The idea that employers should empathize with their workers is relatively new. Just ask Bob Cratchit how empathetic his employer, Mr. Scrooge, was in Victorian-era England. Of course, by the end of the Charles Dickens classic A Christmas Tale, and thanks to some supernatural intervention, Scrooge came around and developed genuine sympathy for the plight of the Cratchit family.
But sympathy is not the same as empathy.
Sympathy Isn’t the Same as Empathy
Consider the definitions of these words from Merriam-Webster:
Sympathy: “the feeling that you care about and are sorry about someone else’s trouble, grief, misfortune, etc.”
Empathy: “the action of understanding, being aware of, being sensitive to, and vicariously experiencing the feelings, thoughts, and experience of another of either the past or present without having the feelings, thoughts, and experience fully communicated in an objectively explicit manner.”
Hopefully, a few points stand out in comparing these definitions. First, sympathy is defined as a “feeling,” whereas empathy is defined as an “action.” Second, sympathy is caring about or being sorry about someone else’s misfortune; empathy is deeper—understanding and vicariously experiencing another’s feelings.
Empathy is important in the employer-employee context because it better motivates concrete action and changes in policies. An employer that knows what it’s like to struggle to afford child care is more likely to offer employer-sponsored, on-site day care than an employer that simply “feels sorry” for workers struggling to pay for child care.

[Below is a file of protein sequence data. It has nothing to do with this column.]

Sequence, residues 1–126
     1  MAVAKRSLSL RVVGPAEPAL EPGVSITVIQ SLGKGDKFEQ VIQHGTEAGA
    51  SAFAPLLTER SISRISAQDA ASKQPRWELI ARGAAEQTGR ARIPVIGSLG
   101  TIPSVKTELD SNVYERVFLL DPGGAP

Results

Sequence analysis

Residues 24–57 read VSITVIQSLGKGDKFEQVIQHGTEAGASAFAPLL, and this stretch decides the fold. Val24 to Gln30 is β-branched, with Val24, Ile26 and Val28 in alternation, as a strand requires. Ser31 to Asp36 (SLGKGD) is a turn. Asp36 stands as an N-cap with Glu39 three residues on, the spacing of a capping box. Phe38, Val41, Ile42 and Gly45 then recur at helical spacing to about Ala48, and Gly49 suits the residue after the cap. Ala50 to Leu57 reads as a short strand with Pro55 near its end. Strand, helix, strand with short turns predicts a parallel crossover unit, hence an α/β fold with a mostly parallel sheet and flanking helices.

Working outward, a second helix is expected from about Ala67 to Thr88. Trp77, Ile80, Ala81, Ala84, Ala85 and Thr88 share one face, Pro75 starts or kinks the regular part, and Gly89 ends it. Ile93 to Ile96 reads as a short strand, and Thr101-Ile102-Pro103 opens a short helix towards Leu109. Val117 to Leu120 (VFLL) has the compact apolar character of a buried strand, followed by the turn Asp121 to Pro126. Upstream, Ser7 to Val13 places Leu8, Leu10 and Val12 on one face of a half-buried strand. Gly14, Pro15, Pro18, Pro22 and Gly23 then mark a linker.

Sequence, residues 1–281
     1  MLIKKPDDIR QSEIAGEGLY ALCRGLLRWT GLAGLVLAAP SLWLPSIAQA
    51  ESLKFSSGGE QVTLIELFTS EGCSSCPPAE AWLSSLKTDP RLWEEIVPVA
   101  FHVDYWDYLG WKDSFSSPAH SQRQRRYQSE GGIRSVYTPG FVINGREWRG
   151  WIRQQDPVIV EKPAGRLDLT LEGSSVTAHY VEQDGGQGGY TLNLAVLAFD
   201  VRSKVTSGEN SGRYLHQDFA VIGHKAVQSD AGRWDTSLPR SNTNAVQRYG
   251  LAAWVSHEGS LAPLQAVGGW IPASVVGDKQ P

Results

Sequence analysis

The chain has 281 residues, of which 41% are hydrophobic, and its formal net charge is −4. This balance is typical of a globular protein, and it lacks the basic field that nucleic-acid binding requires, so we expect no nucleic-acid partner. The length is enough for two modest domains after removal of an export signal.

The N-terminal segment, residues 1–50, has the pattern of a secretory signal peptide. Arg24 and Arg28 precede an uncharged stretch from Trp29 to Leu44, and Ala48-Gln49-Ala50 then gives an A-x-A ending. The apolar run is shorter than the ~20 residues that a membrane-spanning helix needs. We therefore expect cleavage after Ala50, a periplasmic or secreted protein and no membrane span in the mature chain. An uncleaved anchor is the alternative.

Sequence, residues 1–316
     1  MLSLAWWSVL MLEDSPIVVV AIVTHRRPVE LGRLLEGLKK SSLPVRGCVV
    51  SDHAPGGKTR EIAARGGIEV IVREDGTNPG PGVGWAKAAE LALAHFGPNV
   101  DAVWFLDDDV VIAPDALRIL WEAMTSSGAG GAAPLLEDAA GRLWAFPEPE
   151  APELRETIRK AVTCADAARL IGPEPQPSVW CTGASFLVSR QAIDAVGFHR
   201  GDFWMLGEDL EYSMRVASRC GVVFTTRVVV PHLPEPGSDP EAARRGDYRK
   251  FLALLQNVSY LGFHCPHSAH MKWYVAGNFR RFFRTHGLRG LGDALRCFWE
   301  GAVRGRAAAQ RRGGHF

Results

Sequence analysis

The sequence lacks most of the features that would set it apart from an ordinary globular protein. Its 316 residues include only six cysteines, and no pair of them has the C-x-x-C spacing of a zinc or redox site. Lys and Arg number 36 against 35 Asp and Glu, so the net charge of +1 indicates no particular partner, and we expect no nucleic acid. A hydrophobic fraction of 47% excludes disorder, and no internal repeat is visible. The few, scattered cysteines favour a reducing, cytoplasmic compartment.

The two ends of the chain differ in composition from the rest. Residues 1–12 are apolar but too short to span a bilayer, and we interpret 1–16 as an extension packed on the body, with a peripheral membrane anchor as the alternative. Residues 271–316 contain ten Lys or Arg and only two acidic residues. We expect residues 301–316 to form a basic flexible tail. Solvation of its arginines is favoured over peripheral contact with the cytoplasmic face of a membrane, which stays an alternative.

Unfortunately for employees, the gap between the employer and the employee is so far apart in many organizations that genuine empathy may not often occur naturally. A millionaire CEO will likely find it difficult to genuinely empathize with an entry-level employee worrying about medical bills, for example.
A Look at “Radical Empathy”
This is where the concept of “radical empathy” comes in. Radical empathy involves actively putting yourself in others’ shoes you’d like to empathize with—to the extent reasonably possible. In an article for Fortune, Nicole Goodkind gives an example of a radical empathy exercise designed to put corporate leaders in the shoes of visually impaired employees:
Early on Monday evening about 30 of the world’s most powerful business leaders sat blindfolded together in the lower levels of a swanky Washington D.C. hotel.
No, this wasn’t a hostage situation. It was an exercise in radical empathy, individual empowerment, and inclusion held at the Fortune CEO Initiative.
Led by Sara Minkara, the U.S. Special Advisor on International Disability Rights under President Joe Biden, the group of executives entered the room blindfolded and were led through a series of exercises where they were asked to talk to one another without revealing their official titles.
Radical empathy may sound, well, radical, but the trend illustrates both the importance and the challenge of creating genuine empathy toward employees in order to drive meaningful discussion and change.
How might you incorporate radical empathy into your organization to build better understanding among employees?
Lin Grensing-Pophal is a Contributing Editor at HR Daily Advisor.